Evapotranspiration of melaleuca forest in south Florida

David A. Chin

Research output: Contribution to journalArticlepeer-review

6 Scopus citations


Melaleuca forests cover extensive areas of south Florida, and are widely assumed to have extraordinarily high evapotranspiration (ET) rates. This investigation indicates that the transpiration of the melaleuca forest is dominated by vapor deficits, with net radiation playing a secondary role. Evaporation of intercepted rainfall contributes between 12 and 23% to the monthly ET, with lower contributions during the dry season and higher contributions during the wet season. Annual ET from melaleuca forest is estimated to be approximately 1,600 mm, with 300 mm contributed by intercepted rainfall. Comparison of these results with predictions of other forest-ET models indicate that the Shuttleworth model overestimates the ET of melaleuca forest by about 5% in a typical month as a result of neglecting the canopy wetness effect. The Calder-Newson model, which equates forest transpiration to short-vegetation transpiration, produces annual ET estimates that are within 6% of the annual ET estimated in this study, however, the discrepancies in monthly ET range between -8 and +17%.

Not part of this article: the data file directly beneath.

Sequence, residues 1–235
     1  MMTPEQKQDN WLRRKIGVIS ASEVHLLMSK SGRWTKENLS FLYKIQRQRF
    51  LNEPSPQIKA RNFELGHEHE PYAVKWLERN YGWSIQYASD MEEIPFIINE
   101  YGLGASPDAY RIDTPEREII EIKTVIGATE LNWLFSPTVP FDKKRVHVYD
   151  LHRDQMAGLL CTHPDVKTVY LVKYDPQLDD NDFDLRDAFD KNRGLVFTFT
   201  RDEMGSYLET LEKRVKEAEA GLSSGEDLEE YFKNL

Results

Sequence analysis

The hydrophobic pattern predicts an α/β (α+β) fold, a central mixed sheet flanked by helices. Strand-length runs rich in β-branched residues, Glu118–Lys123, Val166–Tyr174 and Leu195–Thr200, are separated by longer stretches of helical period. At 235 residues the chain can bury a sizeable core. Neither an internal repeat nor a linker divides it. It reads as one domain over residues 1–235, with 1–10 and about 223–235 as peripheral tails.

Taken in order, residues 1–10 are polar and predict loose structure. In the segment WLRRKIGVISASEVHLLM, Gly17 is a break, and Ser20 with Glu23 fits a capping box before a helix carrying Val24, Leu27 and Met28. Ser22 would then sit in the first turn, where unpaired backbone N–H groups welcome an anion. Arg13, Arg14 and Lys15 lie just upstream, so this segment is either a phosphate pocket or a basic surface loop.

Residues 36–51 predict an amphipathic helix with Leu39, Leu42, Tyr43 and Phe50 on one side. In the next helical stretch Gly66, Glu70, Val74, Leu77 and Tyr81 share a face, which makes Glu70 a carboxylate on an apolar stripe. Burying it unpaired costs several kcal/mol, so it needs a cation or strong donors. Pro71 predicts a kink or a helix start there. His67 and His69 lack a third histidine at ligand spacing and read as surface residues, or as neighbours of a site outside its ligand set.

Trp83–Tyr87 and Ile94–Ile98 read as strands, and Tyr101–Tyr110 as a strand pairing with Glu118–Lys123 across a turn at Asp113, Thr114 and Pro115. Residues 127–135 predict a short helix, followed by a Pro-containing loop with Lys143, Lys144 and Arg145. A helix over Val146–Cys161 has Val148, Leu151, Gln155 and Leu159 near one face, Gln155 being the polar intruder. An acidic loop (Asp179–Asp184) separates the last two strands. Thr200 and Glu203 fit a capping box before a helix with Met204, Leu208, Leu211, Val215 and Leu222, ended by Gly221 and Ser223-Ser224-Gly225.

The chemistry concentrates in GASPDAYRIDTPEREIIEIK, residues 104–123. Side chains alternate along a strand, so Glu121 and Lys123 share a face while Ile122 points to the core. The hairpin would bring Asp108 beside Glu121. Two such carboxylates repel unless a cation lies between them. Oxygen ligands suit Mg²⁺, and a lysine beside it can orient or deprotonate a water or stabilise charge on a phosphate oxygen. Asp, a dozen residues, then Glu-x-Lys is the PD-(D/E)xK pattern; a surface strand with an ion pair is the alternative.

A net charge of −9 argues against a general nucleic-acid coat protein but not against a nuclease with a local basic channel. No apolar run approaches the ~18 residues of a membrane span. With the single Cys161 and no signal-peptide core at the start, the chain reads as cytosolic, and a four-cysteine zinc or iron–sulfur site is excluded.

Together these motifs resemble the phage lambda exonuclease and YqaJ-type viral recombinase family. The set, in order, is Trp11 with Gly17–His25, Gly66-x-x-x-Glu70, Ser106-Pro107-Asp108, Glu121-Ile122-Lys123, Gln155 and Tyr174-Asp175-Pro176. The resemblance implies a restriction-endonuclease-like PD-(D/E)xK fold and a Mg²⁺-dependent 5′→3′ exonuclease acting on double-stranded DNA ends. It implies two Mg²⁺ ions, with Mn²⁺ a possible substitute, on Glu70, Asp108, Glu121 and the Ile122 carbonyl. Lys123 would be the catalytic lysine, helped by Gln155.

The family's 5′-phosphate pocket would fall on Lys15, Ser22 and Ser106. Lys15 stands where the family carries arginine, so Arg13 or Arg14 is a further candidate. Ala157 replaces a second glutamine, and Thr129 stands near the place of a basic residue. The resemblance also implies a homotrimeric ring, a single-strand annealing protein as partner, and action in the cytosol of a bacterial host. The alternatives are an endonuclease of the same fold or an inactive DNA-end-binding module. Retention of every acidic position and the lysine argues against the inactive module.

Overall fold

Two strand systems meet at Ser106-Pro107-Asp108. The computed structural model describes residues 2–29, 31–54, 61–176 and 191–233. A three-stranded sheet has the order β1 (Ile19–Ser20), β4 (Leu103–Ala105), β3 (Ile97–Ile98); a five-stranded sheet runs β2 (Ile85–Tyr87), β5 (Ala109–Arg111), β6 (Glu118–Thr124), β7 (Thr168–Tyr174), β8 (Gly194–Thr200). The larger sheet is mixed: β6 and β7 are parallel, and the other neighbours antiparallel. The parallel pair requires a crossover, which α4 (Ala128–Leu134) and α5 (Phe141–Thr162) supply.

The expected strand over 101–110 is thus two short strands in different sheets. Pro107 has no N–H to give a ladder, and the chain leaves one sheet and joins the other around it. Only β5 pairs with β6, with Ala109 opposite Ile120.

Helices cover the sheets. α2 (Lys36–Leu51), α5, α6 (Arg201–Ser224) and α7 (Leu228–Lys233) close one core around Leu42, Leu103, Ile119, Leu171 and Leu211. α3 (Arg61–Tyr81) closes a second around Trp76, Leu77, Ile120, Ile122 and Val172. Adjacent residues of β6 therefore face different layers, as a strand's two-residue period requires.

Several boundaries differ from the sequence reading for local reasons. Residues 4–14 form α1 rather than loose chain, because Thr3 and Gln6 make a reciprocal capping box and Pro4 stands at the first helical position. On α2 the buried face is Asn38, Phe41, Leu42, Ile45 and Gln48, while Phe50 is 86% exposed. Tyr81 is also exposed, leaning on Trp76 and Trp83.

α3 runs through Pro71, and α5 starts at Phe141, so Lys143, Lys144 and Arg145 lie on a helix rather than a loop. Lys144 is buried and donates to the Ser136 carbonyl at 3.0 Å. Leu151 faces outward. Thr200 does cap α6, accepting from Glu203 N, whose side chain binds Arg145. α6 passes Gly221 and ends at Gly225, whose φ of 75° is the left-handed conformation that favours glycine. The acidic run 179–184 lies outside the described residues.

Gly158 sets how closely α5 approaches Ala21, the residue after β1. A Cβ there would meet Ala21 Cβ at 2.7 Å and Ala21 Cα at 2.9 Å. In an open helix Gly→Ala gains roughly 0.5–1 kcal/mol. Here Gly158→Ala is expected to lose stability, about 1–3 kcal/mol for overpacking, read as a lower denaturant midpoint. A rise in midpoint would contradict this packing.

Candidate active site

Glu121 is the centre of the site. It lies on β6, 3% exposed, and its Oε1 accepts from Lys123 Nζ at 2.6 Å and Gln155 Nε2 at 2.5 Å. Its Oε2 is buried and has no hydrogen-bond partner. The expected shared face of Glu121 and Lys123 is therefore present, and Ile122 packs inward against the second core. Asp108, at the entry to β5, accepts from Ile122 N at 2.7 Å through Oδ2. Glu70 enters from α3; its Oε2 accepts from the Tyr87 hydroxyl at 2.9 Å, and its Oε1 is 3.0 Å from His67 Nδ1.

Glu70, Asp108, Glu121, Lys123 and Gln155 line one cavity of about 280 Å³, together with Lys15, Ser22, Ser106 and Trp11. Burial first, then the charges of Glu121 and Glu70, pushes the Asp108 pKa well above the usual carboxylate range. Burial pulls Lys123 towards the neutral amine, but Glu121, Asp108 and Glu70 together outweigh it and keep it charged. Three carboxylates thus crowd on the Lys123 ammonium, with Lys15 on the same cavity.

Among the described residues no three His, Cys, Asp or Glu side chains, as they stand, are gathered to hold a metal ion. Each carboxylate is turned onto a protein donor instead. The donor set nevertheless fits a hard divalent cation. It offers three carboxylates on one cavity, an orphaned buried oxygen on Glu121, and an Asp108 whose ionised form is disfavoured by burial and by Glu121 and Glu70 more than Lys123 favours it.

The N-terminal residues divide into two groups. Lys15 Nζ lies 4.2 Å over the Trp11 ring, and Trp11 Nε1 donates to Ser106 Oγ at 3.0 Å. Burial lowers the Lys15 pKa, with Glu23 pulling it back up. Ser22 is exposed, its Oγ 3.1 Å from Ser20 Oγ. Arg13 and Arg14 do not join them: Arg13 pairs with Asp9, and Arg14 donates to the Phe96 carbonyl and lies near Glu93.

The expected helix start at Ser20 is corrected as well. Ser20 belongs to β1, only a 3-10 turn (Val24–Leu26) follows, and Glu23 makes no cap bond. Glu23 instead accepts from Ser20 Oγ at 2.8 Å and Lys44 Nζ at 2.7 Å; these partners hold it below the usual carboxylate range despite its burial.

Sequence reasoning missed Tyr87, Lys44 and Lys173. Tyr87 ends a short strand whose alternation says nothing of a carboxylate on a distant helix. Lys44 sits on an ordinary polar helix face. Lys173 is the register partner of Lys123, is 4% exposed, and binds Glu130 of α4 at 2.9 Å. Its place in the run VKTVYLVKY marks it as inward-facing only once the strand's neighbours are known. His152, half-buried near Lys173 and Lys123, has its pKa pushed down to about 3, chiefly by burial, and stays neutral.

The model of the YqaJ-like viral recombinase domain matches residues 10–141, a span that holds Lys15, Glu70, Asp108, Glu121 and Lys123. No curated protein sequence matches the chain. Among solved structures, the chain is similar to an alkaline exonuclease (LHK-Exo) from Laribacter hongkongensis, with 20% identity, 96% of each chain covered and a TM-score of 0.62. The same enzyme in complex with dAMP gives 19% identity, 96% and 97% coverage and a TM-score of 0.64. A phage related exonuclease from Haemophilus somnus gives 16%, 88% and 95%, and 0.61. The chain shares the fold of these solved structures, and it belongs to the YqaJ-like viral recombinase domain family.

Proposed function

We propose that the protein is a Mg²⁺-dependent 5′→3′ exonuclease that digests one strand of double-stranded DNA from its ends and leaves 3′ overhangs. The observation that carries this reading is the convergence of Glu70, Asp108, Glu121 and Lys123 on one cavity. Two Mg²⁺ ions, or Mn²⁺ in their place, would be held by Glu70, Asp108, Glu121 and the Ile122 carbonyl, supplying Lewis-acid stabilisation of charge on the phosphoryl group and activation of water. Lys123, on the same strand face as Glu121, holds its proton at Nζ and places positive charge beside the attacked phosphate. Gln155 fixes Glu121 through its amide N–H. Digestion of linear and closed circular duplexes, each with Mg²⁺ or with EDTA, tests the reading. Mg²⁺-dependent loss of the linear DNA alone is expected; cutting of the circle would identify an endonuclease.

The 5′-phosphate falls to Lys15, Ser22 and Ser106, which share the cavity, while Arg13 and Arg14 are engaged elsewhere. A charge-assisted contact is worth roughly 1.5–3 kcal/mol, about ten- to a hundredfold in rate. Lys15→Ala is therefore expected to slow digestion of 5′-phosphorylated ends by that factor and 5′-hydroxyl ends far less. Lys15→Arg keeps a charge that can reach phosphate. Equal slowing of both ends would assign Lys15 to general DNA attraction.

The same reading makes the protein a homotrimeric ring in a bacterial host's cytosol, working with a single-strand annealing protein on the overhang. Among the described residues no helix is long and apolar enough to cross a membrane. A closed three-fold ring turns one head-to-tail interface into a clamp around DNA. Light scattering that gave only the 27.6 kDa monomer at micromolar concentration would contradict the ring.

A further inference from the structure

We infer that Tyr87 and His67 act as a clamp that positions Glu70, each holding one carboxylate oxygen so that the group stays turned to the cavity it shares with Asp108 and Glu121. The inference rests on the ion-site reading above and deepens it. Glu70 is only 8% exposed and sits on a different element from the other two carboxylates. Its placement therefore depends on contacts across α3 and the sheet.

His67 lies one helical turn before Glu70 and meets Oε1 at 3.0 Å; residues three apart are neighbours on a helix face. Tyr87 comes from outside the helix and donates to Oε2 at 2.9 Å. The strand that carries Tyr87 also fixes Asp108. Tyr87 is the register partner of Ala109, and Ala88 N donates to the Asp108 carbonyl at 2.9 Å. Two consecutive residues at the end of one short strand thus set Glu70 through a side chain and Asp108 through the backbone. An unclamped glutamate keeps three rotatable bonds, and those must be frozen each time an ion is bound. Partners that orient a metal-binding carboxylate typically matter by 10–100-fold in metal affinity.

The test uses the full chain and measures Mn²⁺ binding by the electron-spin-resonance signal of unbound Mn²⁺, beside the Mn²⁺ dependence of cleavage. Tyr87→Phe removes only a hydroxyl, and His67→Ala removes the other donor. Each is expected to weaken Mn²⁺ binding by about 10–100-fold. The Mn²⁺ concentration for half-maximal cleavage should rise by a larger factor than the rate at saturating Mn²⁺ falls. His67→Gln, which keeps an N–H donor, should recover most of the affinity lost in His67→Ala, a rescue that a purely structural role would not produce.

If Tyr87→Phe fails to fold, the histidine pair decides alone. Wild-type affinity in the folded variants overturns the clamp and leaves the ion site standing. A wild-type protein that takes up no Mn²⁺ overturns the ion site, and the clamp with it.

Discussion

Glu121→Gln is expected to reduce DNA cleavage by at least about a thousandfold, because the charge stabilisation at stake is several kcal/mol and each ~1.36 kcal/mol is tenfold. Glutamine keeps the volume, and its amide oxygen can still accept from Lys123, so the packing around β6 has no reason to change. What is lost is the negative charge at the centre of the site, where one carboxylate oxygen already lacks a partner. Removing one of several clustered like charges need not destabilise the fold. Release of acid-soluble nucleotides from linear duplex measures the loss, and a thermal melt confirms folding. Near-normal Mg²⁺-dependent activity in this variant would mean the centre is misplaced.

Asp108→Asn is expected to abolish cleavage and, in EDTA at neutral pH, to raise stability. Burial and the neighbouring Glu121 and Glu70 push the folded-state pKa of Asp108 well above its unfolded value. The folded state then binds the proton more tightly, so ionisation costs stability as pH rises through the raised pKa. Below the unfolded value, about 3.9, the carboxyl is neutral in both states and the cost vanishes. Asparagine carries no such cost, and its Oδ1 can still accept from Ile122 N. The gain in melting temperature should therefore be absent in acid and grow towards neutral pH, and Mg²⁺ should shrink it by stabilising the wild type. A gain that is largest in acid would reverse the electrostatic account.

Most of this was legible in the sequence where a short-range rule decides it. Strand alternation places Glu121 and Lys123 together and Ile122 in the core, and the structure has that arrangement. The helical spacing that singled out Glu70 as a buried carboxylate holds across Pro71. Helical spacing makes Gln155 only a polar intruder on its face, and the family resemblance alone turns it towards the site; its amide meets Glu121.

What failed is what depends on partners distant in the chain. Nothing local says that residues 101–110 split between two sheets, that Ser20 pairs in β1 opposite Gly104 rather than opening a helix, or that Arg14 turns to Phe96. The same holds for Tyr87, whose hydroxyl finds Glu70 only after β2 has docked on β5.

Original languageEnglish (US)
Pages (from-to)131-139
Number of pages9
JournalJournal of Hydrologic Engineering
Issue number2
StatePublished - Apr 1998

ASJC Scopus subject areas

  • Environmental Chemistry
  • Civil and Structural Engineering
  • Water Science and Technology
  • Environmental Science(all)


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